Meet Mark Rylance, the Next Oscar Winner for Best Supporting Actor

By  · Published on October 13th, 2015

DreamWorks II Distribution Co., LLC and Twentieth Century Fox Film Corporation

DreamWorks II Distribution Co., LLC and Twentieth Century Fox Film Corporation

This weekend, millions of Americans will find a favorite familiar face on the big screen, as Tom Hanks stars once again in a Steven Spielberg movie. At the same time, most of those seeing this new release, the Cold War drama Bridge of Spies, will be introduced to an actor they don’t recognize and probably have never heard of. By the film’s end, they’ll all have enjoyed this man, Mark Rylance, more than anything else, and it’s very unlikely they’ll see another performer this year they find more deserving of the Academy Award for Best Supporting Actor.

So, who is Mark Rylance, and why haven’t you seen him before? The 55-year-old actor is mostly known for theater, so if you don’t go to a lot of plays on Broadway or in the UK and don’t watch the Tony Awards in spite of that void, you’re not likely to have caught any of his prior work. He has also done plenty of movies, including art-house titles Angels and Insects and Peter Greenaway’s Prospero’s Books and costume dramas such as The Other Bolyn Girl and Roland Emmerich’s Shakespeare-centered Anonymous, as well as the hit British television series Wolf Hall, yet nothing so mainstream Hollywood as stealing scenes from Tom Hanks in a Spielberg picture.

Bridge of Spies will be a breakout of sorts for Rylance, and he’s already followed it with an even bigger and wider-reaching movie. Next summer, the actor can be seen re-teamed with Spielberg for an adaptation of the beloved Roald Dahl children’s book “The BFG,” in which he plays the titular giant. With his fame about to broaden, it’s time to get acquainted with Rylance through some interesting facts regarding his career thus far.


Rylance is a method actor, meaning he often remains in character between performances and has reportedly been seen in costume out and about in London. He also addresses audience members from on and off stage without breaking from his role, sometimes even to confiscate a cell phone. Additionally, he’s developed flash mobs and performed in public to unsuspecting people. In 2012, for instance, he conceived an event titled What You Will: Pop Up Shakespeare that coincided in part with the London Olympics and Paralympics. Watch a video about it here:


One of Rylance’s most celebrated stage roles is Olivia in a 2012–2013 production of Shakespeare’s “Twelfth Night” that began at London’s Globe Theatre (which the actor helped resurrect 20 years ago) and continued on Broadway, for which he won his third Tony Award. He’s been acting in and directing historically faithful all-male performances of Shakespeare for decades, begun during his time as the Globe’s Artistic Director when he controversially took on the part of Cleopatra for a run of “Antony and Cleopatra.” Here’s a clip of his Olivia opposite Stephen Fry as Malvolio:


Speaking of Shakespeare and controversy, in spite of all he has done for and with the Globe Theatre and all his performances in plays credited to the Bard, Rylance is one of the most famous outspoken skeptics of those plays’ authorship. He and fellow British acting legend Derek Jacobi even began a petition in 2007 to campaign for new research on the identity or identities of the true playwright behind these works, and he’s been involved in various projects promoting the fallacy claim, including the Emmerich feature. Here he is at a press conference for Anonymous speaking on the matter:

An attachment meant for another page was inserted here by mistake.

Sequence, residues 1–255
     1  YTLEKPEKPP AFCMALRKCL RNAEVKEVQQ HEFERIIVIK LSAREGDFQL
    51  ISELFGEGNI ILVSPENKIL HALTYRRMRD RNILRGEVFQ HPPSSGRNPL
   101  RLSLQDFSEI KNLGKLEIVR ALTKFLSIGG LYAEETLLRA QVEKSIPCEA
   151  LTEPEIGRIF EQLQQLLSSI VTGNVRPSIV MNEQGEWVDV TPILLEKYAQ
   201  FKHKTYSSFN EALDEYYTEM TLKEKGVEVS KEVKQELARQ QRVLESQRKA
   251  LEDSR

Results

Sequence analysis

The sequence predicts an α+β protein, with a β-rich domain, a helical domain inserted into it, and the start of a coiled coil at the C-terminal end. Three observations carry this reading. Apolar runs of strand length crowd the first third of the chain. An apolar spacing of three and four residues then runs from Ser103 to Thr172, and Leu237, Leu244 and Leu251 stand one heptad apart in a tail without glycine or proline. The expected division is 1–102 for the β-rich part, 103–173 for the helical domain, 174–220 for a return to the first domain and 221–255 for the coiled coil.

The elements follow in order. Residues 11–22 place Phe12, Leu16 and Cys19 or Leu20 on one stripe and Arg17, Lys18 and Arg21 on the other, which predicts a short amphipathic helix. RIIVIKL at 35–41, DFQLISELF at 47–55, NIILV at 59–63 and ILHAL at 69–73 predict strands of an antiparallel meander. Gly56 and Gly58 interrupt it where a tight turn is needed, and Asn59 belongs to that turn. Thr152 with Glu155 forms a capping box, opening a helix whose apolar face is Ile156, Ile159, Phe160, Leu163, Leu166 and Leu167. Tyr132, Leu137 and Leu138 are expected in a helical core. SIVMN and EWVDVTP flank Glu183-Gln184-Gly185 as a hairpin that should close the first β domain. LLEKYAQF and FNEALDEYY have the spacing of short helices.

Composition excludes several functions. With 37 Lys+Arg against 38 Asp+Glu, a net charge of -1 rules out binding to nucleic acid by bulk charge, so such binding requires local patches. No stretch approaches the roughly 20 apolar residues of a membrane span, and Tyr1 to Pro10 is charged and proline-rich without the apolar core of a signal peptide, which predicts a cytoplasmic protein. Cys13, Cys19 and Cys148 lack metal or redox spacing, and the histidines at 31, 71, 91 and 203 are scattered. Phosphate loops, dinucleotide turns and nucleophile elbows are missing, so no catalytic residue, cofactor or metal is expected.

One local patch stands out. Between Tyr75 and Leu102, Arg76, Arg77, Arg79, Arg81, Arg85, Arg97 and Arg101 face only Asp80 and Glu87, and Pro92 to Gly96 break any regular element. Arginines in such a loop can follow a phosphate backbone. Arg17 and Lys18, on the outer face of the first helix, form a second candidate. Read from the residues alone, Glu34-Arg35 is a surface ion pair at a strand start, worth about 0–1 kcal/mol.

If you do watch the Tony Awards, you’ve seen Rylance win three of the prestigious honors. The first two times he won, he gave acceptance speeches that baffled audiences at the ceremony and viewing on television. He came off as a cryptic eccentric on stage, but he was merely being humble as he’s apparently not comfortable showing gratitude for awards. In place of the usual thanks, he recited works by Minnesota-based poet Louis Jenkins. In 2008, when he won for “Boeing-Boeing,” it was “The Back Country,” and with his second win in 2011, for “Jerusalem,” it was “Walking Through a Wall” (when he won for “Twelfth Night” he opted for a more traditional speech that honored Sam Wanamaker, who was most responsible for the resurrection of the Globe Theatre). Hopefully he’ll do something equally unique when he wins the Oscar in February. Watch the 2008 and 2011 speeches here:


After your children fall in love with the lovable giant of The BFG next year, don’t let them go back and watch all of Rylance’s other movies. One of them is definitely not appropriate for kids, as it features Rylance receiving actual oral sex from actress Kerry Fox on screen. The 2001 movie Intimacy is noted for its unsimulated sex scenes, though none of the intercourse is genuine. “Kerry and I were pretending,” he told the New York Times of the scene, which was enough for originally cast Gary Oldman to back out, “and the camera was hiding all kinds of things in the room that were not real, and the room itself was not real, and the sex was not real. We did more than other people have done to convince of a reality, but neither of us were ever fooled ourselves.’’ I’ll let you Google this one in order to find the video of the act.

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Christopher Campbell began writing film criticism and covering film festivals for a zine called Read, back when a zine could actually get you Sundance press credentials. He's now a Senior Editor at FSR and the founding editor of our sister site Nonfics. He also regularly contributes to Fandango and Rotten Tomatoes and is the President of the Critics Choice Association's Documentary Branch.